I was recently at a conference. I attended one paper where the presenter kept using the expression, "I strongly assert…" as a means of premise-introduction. Once, it was used in the context of disagreement. And so: "Some say not-p, but I strongly assert p." I found this locution and its use jarring. It seems exceedingly dogmatic, and moreover, what exactly does 'strongly' mean, anyhow? Confidently, loudly, as though in ALLCAPS?
A question for the NS readership: What is the most charitable reading of this locution?
Here's my shot. In the event of a conference paper, you can't give an argument for every premise or every case where there's a disagreement. Conference papers require tight focus, and so the point is to argue where it is most important, and everything else is left to either bald assertion or apologetic bracketing. That's the art of academic essays. And so 'I strongly assert' stands as a proof-surrogate in these contexts. Now, I think it's a pretty awkward proof surrogate (as one can just as well, and less contentiously, say 'let's assume p, here'), but it at least isn't a major breach of argumentative practice.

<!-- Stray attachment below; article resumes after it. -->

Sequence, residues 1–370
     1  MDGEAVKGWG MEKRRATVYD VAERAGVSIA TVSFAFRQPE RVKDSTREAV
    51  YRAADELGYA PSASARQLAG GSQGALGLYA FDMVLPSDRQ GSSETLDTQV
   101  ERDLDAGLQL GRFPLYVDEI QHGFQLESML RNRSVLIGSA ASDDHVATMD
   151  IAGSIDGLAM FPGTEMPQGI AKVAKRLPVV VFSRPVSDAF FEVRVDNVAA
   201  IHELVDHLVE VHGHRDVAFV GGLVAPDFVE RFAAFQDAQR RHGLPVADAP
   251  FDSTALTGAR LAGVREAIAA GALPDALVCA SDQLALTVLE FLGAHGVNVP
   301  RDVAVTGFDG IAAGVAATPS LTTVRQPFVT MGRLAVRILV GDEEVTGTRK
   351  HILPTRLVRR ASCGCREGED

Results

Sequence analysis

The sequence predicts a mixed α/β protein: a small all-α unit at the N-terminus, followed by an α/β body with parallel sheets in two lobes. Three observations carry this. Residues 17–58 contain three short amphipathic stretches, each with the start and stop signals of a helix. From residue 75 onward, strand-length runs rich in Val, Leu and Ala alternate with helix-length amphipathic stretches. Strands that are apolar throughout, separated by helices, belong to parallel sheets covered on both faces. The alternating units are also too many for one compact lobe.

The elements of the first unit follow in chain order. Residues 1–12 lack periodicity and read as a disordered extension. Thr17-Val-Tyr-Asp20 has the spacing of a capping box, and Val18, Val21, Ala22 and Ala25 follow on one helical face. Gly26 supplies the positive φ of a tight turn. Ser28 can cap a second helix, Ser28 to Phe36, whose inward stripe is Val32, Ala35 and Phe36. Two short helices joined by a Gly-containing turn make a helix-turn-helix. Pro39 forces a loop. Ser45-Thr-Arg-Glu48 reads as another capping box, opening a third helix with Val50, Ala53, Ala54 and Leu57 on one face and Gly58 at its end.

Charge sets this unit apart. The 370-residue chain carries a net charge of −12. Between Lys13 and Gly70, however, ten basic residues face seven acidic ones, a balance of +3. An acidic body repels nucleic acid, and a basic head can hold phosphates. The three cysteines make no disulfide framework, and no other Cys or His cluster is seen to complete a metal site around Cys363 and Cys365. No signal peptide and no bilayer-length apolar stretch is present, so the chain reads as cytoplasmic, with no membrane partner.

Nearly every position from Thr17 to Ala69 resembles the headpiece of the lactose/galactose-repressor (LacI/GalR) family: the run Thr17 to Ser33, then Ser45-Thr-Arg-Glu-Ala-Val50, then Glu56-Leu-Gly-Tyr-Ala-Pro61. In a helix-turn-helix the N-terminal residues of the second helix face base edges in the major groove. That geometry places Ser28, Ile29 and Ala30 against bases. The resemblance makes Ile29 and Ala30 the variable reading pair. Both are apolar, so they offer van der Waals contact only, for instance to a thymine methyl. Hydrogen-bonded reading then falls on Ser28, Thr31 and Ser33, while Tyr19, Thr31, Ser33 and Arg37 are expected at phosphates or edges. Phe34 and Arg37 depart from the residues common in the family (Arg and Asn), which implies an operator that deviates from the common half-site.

That reading is my most charitable, but it still doesn't sit well with me. Any help from those more familiar with this phrase?